The Christian church in the Holy Land is made up mostly of Palestinian Christians who have kept the faith since the days of the early church. But our brothers and sisters there are suffering.
This summer I traveled to the Holy Land with a study group of 15 people from Christian Reformed Church agencies and churches and one from the Reformed Church in America to listen and learn about the Palestinian/Israeli conflict. Our goal was to assess whether the CRC should become more active in the work of peace and justice in the Middle East, with particular attention to possible partnerships with Palestinian and/or Israeli Christian groups.
We received our first introduction to the conflict shortly after we landed at the Ben-Gurion airport near Tel Aviv, when a member of our group who is Palestinian-American was detained by Israeli security for over four hours.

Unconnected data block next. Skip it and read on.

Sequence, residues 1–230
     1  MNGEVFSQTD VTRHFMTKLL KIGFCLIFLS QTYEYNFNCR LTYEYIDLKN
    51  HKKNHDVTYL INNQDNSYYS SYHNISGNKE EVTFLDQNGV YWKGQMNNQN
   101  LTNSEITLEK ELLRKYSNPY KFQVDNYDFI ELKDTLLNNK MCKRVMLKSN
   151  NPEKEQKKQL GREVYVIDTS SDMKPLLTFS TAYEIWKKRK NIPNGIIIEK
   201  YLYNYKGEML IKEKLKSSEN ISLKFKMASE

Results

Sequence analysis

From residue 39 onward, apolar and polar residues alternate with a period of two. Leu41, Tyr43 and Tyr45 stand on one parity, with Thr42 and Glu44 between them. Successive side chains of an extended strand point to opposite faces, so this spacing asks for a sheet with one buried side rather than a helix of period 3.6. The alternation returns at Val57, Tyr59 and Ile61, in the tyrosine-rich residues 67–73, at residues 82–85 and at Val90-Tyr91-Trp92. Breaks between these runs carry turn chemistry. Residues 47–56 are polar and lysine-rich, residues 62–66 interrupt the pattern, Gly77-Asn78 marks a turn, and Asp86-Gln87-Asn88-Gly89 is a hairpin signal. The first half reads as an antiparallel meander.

During our 10-day visit, we encountered a variety of Christian organizations working toward peace, justice, and reconciliation. Two such organizations were Sabeel (which in Arabic means “the way”) and Musalaha (“reconciliation”), both with offices in Jerusalem.
We also contacted other non-profit organizations working toward peace. The Holy Land Trust, based in Bethlehem, plays an active role in nonviolent resistance to the Israeli occupation, as well as in educating others on the conflict. B’tSelem (a Hebrew word meaning “in the image of”) and the Israeli Committee Against House Demolitions (ICAHD) both are Jewish organizations advocating for the human rights of Palestinians.
We learned that signs of the conflict have different meanings, depending on whom you ask. “The Wall,” started in the summer of 2002, is called either “the apartheid wall” or “the security wall.” Armed Israeli checkpoints throughout the West Bank and Gaza are either “a form of harassment and humiliation” or “necessary for security.”
The Christians we met have a real desire to keep the gospel alive in the Holy Land. Pray that our Palestinian and Jewish brothers and sisters will serve as instruments for peace, justice, and reconciliation and that we in the CRC will do our part with them in this effort.
About the Author
Rev. David Adams is a pastor of Immanuel CRC in Wyoming, Mich.